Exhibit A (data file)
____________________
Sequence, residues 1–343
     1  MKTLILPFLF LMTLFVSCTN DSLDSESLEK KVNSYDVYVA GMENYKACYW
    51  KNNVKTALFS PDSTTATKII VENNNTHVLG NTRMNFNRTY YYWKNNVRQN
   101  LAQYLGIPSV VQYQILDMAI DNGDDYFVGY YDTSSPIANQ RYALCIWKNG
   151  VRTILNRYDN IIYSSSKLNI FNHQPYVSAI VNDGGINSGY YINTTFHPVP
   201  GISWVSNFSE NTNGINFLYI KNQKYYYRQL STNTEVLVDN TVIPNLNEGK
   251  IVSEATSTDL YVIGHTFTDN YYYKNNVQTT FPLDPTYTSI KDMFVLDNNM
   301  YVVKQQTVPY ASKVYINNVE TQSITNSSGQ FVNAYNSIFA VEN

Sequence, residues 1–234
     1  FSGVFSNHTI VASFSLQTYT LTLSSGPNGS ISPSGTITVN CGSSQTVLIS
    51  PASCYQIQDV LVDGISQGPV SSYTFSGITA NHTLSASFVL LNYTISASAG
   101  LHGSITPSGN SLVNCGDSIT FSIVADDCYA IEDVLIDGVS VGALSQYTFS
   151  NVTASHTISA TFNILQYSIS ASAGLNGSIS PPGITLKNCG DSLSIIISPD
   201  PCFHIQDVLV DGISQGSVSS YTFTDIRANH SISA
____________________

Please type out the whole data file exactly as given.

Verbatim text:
Sequence, residues 1–343
     1  MKTLILPFLF LMTLFVSCTN DSLDSESLEK KVNSYDVYVA GMENYKACYW
    51  KNNVKTALFS PDSTTATKII VENNNTHVLG NTRMNFNRTY YYWKNNVRQN
   101  LAQYLGIPSV VQYQILDMAI DNGDDYFVGY YDTSSPIANQ RYALCIWKNG
   151  VRTILNRYDN IIYSSSKLNI FNHQPYVSAI VNDGGINSGY YINTTFHPVP
   201  GISWVSNFSE NTNGINFLYI KNQKYYYRQL STNTEVLVDN TVIPNLNEGK
   251  IVSEATSTDL YVIGHTFTDN YYYKNNVQTT FPLDPTYTSI KDMFVLDNNM
   301  YVVKQQTVPY ASKVYINNVE TQSITNSSGQ FVNAYNSIFA VEN

Sequence, residues 1–234
     1  FSGVFSNHTI VASFSLQTYT LTLSSGPNGS ISPSGTITVN CGSSQTVLIS
    51  PASCYQIQDV LVDGISQGPV SSYTFSGITA NHTLSASFVL LNYTISASAG
   101  LHGSITPSGN SLVNCGDSIT FSIVADDCYA IEDVLIDGVS VGALSQYTFS
   151  NVTASHTISA TFNILQYSIS ASAGLNGSIS PPGITLKNCG DSLSIIISPD
   201  PCFHIQDVLV DGISQGSVSS YTFTDIRANH SISA